Tough French logic will lead Europe through immigrant crisis

(Photo by Bernard Bisson/Sygma via Getty Images)


As the militant Islamic threat to many Western societies steadily gained strength from increasing immigration, a high birth rate among migrants, and sustained collective fervour, I have always predicted that the country that would guide us through this challenge was France.

It has two distinct advantages. First, despite the posturings of a few British Arabist-romantics such as T. E. Lawrence, Gertrude Bell, and Wilfrid Scawen Blunt, France is by far the Western state most experienced in dealing with Arabs.

It occupied Algeria in 1830 and the coastal provinces of Algeria were departments of France itself under the Third and Fourth Republics. The French population of Algeria was approximately ten percent and in parts of that country, especially around Philippeville and Constantine, there was a French majority.

At the end of the Algerian war, though General de Gaulle found it distasteful to do so, France had no moral alternative but to accept the return of the French of Algeria and with them approximately a million Algerian Muslims who had been loyal to the French regime and risked severe vengeance if they remained under the independent Arab Republic.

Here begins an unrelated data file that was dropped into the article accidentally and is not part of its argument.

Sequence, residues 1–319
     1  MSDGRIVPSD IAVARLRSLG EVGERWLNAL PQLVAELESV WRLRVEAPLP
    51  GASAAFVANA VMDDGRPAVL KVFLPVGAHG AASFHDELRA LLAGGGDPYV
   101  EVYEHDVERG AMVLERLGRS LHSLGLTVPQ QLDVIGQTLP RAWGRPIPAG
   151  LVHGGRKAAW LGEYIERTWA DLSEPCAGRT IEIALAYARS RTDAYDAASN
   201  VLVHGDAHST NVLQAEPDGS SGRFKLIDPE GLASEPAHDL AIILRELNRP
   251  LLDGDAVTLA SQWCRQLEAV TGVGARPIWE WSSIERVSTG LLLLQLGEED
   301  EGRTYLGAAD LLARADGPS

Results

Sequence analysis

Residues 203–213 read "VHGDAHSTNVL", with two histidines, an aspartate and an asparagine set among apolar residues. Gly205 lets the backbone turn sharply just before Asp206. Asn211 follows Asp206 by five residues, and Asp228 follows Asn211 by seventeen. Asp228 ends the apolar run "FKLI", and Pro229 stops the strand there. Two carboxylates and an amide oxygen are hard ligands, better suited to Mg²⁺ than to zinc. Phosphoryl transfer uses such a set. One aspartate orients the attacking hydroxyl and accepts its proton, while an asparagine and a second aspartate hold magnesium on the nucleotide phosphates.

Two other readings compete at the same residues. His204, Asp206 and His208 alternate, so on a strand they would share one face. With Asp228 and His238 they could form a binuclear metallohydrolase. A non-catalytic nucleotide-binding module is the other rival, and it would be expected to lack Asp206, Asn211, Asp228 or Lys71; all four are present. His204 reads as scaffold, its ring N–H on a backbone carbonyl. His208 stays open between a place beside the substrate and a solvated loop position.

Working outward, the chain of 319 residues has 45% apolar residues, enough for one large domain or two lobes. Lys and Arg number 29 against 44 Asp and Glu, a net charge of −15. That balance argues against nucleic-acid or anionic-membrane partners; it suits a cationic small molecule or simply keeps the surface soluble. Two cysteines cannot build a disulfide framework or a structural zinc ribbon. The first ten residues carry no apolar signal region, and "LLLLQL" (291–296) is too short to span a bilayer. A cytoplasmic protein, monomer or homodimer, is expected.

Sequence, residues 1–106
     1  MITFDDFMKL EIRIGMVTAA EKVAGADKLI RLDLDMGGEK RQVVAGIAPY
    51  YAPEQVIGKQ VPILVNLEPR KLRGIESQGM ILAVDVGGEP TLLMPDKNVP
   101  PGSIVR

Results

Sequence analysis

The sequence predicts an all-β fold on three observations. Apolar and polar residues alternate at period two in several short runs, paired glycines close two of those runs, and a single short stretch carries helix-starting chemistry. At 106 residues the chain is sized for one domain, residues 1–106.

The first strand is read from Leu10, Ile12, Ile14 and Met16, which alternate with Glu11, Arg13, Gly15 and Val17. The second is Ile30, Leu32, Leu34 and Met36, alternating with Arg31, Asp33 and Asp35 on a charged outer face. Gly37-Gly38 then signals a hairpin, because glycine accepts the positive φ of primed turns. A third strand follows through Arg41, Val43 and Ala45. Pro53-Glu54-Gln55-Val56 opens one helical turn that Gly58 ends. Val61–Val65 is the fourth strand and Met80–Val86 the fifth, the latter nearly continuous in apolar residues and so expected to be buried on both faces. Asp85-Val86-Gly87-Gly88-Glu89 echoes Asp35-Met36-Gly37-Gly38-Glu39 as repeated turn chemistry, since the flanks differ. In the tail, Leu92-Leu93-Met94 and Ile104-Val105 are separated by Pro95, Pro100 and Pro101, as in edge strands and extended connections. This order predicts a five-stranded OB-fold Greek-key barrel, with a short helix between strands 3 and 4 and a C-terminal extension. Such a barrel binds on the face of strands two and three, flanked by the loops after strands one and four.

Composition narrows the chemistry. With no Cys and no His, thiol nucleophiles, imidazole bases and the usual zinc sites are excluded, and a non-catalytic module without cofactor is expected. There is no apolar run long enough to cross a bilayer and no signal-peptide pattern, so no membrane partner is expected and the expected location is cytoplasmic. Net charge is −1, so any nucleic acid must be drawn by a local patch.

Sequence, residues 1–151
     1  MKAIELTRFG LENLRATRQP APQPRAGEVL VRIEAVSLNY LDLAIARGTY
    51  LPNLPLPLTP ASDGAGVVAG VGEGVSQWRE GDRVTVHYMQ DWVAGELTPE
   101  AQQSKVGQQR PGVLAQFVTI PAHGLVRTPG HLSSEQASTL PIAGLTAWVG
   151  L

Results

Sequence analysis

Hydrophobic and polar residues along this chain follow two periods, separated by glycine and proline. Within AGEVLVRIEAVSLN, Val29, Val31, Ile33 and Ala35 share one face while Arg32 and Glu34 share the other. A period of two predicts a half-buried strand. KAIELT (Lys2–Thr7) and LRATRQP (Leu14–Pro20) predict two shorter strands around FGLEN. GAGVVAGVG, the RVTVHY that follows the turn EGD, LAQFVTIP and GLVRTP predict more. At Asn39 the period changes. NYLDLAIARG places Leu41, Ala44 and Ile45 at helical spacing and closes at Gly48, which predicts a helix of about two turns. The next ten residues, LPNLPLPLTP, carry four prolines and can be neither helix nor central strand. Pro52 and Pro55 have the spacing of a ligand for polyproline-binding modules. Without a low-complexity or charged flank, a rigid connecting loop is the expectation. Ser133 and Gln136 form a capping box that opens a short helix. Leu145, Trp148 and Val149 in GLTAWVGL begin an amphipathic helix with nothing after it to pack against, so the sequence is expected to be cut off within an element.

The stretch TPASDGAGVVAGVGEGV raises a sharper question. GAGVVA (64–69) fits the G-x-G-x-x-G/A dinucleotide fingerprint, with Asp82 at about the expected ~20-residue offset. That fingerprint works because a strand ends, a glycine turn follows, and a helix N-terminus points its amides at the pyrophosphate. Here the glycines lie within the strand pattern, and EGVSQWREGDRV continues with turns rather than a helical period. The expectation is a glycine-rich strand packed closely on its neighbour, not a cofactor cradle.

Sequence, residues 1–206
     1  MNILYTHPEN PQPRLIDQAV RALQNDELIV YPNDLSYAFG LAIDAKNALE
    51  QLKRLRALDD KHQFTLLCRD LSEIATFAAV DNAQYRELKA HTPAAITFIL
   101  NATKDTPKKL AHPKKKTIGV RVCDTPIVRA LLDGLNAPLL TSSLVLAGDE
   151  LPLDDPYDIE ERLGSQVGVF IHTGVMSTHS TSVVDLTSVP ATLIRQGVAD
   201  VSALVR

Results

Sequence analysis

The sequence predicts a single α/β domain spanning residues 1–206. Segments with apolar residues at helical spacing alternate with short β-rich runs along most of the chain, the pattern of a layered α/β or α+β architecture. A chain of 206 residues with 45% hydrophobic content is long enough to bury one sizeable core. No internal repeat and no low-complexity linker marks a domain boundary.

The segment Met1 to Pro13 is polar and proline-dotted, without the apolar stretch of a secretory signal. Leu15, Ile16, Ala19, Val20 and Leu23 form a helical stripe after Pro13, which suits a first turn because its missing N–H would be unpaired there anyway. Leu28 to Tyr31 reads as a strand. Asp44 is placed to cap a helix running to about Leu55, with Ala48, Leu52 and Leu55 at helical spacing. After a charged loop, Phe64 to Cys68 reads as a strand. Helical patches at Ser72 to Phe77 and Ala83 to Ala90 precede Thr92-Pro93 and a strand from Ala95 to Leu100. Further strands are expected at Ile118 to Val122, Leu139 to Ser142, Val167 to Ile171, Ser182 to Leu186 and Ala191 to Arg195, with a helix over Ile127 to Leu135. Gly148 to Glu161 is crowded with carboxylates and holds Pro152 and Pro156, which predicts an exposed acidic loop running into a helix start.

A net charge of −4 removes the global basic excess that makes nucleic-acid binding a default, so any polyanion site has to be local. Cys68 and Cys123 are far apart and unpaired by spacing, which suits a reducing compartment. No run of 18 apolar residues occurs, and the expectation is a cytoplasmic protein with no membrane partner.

This got Islam off to a flying demographic start in France and it is now approximately 5.5 percent of the French population of 60 million.

One does not need to have had a long and intimate acquaintance with France to realize that above all other things, when France’s ability to enjoy that magnificent country, its natural beauty, marvellous cuisine and wine, world-leading style and fashion, and exquisite quality of spoken and written French, is threatened by any group or entity less formidable than the German Wehrmacht in 1940, France will not long tolerate such a threat.

At such times, the often impenetrable and uncompromising logic of the French effortlessly sweeps aside all philosophical mitigations from the Rousseauite sentiments of liberty, equality, and fraternity, to the deconstruction of Foucault and other postmodernists essentially holding that whatever is contrary to the established order and custom is automatically desirable and worthy.